MCGRADY: Yes, what a difference a year makes. Last year, dining in Japan, they were dining on Kobe beef. This year, they bring in Jamie, who is sort of famous just recently for his reforming the school meals, trying to get sort of healthy food on the menu. And we get sort of a real British local food. Kudos to Downing Street for bringing him in.
We've got that Scottish salmon. We've got that local Welsh lamb. And of course the incredible English dessert, the Maple tart. I've put that recipe on my website, TheRoyalChef.com, for all of your viewers to copy at home. It's just a fabulous menu, and not sort of going lavish and extravagant, the sort of papers and public would have ripped them apart for.
KING: We shall head to the website and I shall try a Bakewell tart. I'll have to find someone to cook it.
MCGRADY: I'll come and cook for you, Larry. I'll send Shawn a copy of your book.
KING: I'm sure Shawn could cook a Bakewell tart. The question is would we eat -- only kidding. Is that a typically good English menu?
ARBITER: Pretty good British menu. Let's not call Scottish salmon English. The Scots would get upset about that, and the Welsh would get upset about their side of it. A very good British menu. A little bit of everything. Jamie Oliver's been very clever. We do produce very good food in this country. And it's good that, say, for example, President Sarkozy -- the French always think that we can't cook, and probably realize now that we can cook. Maybe not the sort of things that they like, but certainly the things that we like.
KING: June, would you like that menu?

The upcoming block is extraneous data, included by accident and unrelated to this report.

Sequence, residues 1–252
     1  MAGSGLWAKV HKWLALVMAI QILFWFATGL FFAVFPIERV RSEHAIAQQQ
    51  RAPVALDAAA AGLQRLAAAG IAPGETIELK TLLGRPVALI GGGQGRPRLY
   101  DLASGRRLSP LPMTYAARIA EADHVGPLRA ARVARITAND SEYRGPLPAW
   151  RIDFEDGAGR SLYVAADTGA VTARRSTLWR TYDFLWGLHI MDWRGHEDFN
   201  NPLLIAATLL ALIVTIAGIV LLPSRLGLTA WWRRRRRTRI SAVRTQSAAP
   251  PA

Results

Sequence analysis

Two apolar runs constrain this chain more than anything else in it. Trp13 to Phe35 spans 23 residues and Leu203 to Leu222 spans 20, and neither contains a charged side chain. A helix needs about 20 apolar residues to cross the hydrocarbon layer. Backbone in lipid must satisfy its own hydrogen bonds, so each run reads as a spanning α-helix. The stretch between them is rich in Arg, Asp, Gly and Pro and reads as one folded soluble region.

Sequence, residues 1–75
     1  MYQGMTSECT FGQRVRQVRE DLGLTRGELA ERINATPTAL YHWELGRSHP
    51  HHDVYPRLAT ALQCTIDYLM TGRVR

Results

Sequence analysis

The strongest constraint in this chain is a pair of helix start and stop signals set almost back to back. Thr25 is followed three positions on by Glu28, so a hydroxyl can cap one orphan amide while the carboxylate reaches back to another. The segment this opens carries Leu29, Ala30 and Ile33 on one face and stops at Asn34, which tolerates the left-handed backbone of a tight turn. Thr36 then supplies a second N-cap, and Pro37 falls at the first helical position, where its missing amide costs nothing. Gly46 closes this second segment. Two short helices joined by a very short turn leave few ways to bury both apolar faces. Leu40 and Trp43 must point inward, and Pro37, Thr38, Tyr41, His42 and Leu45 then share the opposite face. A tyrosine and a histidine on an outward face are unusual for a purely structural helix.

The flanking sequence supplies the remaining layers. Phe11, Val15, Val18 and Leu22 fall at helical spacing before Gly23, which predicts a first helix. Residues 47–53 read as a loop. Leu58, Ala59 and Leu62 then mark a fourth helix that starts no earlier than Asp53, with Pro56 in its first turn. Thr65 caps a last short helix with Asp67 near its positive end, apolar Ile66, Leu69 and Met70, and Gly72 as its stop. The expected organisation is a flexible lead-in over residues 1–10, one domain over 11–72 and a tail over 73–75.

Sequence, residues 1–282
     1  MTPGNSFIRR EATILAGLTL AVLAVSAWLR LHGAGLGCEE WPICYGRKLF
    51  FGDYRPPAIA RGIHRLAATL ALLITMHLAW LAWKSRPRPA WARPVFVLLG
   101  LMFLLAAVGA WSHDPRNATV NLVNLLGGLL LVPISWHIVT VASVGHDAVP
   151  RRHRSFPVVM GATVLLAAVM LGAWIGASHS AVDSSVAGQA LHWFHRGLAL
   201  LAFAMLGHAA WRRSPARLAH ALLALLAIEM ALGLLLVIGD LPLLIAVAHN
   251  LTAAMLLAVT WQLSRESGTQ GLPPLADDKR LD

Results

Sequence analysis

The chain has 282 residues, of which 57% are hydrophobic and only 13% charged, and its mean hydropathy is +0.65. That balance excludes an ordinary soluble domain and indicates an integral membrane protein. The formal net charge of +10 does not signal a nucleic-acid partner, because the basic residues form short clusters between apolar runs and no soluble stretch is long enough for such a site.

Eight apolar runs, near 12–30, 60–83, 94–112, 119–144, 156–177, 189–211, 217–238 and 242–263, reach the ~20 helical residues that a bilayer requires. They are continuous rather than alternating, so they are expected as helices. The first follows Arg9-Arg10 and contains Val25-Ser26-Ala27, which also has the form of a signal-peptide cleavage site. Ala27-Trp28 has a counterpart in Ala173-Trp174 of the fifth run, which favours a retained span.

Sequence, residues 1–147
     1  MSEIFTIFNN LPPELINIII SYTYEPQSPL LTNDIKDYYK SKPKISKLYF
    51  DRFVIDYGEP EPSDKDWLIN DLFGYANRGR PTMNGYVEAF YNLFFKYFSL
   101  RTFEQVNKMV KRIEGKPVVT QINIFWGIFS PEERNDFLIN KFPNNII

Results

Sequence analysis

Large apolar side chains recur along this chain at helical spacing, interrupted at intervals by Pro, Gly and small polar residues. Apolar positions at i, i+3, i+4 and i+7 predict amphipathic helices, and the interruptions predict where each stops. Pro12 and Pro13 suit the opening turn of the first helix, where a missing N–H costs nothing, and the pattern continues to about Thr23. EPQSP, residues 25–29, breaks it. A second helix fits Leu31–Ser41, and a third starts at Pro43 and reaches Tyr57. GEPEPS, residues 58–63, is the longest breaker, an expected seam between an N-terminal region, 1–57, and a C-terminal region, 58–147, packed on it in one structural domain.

SARPONG: I'm not a big Bakewell tart fan, Larry, no. I would have preferred spotted dick and custard, I think that's far --
KING: Me, too. I would love that.
SARPONG: The only thing I would like to add, as well, is Jamie has a charity that helps at-risk kids. And they cook for them in their restaurant. Those kids got to meet the president and the wives. They went in there and met the G-20 leader after the dinner. That was really good for those kids to be there at something like this. They cooked the food.
KING: Avril, would you like that?
GRAHAM: Oh, my goodness, you're making me feel home sick. Of course, I would love that. The icing on the cake is having Jamie cook it for us. How fabulous.
KING: India, I gather you'd chime in and agree too?
HICKS: Absolutely. I mean, it was interesting when someone said that it was -- time to show the French we can cook. I also think it's time we show the French we can dress. I think Sarah Brown did us proud today as well. She wasn't as sparkling as Michelle. But she wore an extremely elegant, very tailored and very affordable dress. I think she did us proud.
KING: Thank you all, for totally agreeing with each other on everything. I really appreciate it. Jim Carey and Jenny McCarthy will be here together Friday night. Got any questions or comments for them? CNN.com/LarryKing, click on blog and start typing. Back after this.
(BEGIN VIDEO CLIP)
UNIDENTIFIED FEMALE: She's very stylish and a good right-hand woman to have for Barack Obama.
UNIDENTIFIED FEMALE: We think she looks very good.
UNIDENTIFIED FEMALE: Yes, for her age.
(END VIDEO CLIP)
KING: Richard Quest rejoins us. Dickie Arbiter remains. Joining us in Los Angeles is Carl Anthony, the National First Lady's Library historian, the best-selling author of "America's First Families, An Inside View of 200 Years of Private Life in the White House." So far -- and it's early in the trip -- how does this trip compare? You probably know every trip made.
CARL ANTHONY, AUTHOR, "AMERICA'S FIRST FAMILIES": You know, the different trips that first ladies have made, foreign trips, the first one usually is big news. They all serve different purposes. When Pat Nixon went with President Nixon to China, that was live. The whole world watched her in the red coat. He was in meetings. Everybody got their first glimpse of communist China with Mrs. Nixon.